Workforce Management Feature Article
June 20, 2011
Pipkin Workforce Management Brings Focus Back to Workforce Management
By Chris DiMarco, TMCnet Managing Editor
It’s rare these days that you find a call center software company that’s totally devoted to providing workforce management utilities. Given that just about every major call center software provider provides full suite of customer service software, it’s easy to find a jack of all trades without finding an ace of one. Pipkin workforce management is one of those Aces and at this year’s Call Center week in Las Vegas TMC (News - Alert) had a chance to catch up with the company and discuss some of the features that make their product stand out.
Pipkin has been around since 1983 and has been entirely self owned the entire time. As a small company, Pipkin deployments have a speed to market much faster than with the big guys. The haste is accomplished because there’s no development cycle to stop distribution, as Pipkin rolls out advancements, customer will get them as soon as possible. The solutions can scale from 25 agents to thousands and, given the right conditions, can be up and running in a month.
Like most workforce management suites, Pipkin is a primarily hosted on, although they do offer premised based alternatives at the request of some of their clients. “I’d say were about 80 percent hosted 20 percent premise,” said regional sales manager Steve Johnson (News - Alert). “it’s all about operational expense rather than capital expense, so for hosted solutions we have no long term contracts, if you don’t want to keep using it you don’t have to.”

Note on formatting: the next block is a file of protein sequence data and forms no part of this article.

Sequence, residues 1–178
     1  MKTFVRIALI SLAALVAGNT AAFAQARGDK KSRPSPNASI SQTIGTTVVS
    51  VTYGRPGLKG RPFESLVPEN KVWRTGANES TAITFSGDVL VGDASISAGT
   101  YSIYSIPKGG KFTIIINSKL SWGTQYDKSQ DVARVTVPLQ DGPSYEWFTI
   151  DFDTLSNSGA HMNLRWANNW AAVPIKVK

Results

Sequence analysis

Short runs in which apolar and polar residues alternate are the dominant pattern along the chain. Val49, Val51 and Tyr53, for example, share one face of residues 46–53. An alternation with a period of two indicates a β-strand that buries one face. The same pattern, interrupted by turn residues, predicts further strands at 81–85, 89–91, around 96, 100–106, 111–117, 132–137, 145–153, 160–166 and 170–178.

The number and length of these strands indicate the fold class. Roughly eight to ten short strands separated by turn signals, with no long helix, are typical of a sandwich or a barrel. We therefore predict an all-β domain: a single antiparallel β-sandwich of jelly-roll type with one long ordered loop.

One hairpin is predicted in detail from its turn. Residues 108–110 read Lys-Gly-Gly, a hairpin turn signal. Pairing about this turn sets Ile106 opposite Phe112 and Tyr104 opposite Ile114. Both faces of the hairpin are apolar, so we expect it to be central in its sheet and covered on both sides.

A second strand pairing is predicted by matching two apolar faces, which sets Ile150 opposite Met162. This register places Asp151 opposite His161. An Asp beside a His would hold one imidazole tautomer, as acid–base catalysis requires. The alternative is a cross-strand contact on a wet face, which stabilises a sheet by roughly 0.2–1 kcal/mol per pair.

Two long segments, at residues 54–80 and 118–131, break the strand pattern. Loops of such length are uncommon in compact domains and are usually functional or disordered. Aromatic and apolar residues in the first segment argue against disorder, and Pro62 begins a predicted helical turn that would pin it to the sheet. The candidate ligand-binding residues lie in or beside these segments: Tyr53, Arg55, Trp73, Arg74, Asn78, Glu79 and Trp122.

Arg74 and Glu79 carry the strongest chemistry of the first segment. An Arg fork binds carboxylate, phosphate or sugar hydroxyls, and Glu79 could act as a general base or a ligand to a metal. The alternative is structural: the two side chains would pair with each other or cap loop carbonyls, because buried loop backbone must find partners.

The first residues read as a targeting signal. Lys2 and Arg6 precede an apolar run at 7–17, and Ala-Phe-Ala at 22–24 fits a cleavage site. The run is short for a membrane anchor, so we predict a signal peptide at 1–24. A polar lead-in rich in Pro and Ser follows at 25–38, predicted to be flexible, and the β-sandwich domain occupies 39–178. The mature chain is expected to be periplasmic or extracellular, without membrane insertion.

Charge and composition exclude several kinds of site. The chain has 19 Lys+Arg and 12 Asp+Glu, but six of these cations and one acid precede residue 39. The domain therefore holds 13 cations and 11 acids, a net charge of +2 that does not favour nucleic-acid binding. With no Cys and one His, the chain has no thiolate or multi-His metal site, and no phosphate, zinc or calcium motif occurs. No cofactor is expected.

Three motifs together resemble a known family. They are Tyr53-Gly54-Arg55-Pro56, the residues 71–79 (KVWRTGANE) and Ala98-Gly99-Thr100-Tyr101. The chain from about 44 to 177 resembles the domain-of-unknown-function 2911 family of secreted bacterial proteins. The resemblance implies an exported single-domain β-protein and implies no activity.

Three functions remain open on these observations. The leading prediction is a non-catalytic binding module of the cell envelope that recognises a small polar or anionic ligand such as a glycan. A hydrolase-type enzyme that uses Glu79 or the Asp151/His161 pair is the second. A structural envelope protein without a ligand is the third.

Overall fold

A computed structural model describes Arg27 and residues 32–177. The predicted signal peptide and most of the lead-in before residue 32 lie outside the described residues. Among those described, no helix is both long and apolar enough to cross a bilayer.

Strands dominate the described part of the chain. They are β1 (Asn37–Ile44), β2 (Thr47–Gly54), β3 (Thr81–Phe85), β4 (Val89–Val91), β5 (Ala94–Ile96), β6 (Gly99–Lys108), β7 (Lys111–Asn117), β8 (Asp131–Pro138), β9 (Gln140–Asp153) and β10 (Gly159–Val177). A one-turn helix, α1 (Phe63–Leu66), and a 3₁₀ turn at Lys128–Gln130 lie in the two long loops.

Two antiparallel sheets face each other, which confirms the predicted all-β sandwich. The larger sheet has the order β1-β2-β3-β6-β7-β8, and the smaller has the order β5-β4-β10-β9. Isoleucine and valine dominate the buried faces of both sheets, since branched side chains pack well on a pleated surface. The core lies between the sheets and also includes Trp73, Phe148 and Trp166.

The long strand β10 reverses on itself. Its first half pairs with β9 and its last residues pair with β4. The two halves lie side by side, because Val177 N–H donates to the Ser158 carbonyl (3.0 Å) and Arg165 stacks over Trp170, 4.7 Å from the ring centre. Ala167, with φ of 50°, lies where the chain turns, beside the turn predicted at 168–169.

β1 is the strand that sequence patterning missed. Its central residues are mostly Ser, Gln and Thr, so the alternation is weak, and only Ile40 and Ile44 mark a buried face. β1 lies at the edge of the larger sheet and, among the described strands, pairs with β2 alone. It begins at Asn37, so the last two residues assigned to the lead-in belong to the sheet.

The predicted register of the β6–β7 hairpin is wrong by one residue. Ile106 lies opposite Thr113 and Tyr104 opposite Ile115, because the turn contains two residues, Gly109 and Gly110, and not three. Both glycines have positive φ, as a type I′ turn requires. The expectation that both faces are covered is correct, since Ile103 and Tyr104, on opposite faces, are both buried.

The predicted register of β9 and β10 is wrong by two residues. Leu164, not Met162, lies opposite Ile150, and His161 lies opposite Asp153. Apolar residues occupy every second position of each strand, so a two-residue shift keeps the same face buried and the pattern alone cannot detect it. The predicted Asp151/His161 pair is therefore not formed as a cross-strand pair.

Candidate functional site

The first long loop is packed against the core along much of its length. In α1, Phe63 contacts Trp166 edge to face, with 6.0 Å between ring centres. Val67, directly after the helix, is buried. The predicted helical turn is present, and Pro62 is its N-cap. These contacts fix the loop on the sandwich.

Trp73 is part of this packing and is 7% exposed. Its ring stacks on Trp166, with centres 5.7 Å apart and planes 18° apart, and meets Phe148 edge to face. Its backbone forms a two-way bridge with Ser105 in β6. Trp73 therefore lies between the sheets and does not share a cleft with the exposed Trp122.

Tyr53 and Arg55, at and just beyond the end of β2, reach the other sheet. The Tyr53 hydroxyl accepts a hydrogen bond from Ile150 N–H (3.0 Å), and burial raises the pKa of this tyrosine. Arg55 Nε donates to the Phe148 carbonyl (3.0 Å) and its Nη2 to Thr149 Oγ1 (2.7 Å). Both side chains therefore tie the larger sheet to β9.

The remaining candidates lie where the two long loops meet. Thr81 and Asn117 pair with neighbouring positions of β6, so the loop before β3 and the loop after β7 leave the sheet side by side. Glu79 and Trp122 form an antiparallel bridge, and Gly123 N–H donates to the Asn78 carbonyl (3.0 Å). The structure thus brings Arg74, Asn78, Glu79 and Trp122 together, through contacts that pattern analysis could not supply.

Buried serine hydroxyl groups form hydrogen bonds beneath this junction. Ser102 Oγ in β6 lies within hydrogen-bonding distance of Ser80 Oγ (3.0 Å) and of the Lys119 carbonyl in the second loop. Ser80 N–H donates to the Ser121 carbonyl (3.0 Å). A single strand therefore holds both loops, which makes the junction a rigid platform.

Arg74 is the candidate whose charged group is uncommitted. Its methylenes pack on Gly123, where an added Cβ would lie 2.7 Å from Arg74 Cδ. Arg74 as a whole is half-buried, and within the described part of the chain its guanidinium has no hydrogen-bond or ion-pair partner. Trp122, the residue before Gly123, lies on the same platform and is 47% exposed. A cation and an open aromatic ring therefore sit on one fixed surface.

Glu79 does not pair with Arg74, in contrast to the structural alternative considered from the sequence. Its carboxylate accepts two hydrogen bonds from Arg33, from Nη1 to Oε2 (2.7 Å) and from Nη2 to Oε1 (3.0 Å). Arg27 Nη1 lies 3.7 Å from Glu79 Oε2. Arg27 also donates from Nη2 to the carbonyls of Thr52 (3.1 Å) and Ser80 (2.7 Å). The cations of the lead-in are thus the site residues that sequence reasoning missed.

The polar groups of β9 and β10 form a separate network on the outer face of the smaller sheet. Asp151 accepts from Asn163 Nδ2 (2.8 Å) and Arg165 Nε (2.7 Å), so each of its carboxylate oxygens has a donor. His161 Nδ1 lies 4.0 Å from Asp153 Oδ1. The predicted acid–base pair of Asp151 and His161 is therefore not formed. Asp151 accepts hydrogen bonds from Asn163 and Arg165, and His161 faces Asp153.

Given how hot the home agent trend is in the call center space currently, TMC asked Pipkin what they’re doing to support that initiative. The company offers additional tools designed to help managers keep an eye on the diffuse workforces inherent in a home agent scenario. Pipkin has a number of modules designed for at home agents that can quickly calculate requirements as required by management. This allows agents to build or bid on schedules that appeal to them as long as they fit criteria set by supervisors.
“Say for example after 4 hours you require workers to take a break, the system has the intelligence to automatically add the break as staff is trying to bid on their schedule. Any number of rules can be generated to that effect,” Johnson said. “Here’s a segment of the market that’s untapped. Although you have outsourced agents it makes more sense to home source. We want to be able to support this section as it continues to grow.”
In keeping with their desire to corner the home agent market, the solution can also integrate with an existing WFM, allowing customers to utilize their correct data while the Pipkin suite handles agent schedules and sets rules about shifts. .
Chris DiMarco is a Web Editor for TMCnet. He holds a master's degree in journalism from Quinnipiac University. Prior to joining TMC Chris worked with e-commerce provider Suresource as a contact center representative and development analyst. To read more of his articles, please visit his columnist page. Follow him on Twitter @cpdimarco.
Edited by Rich Steeves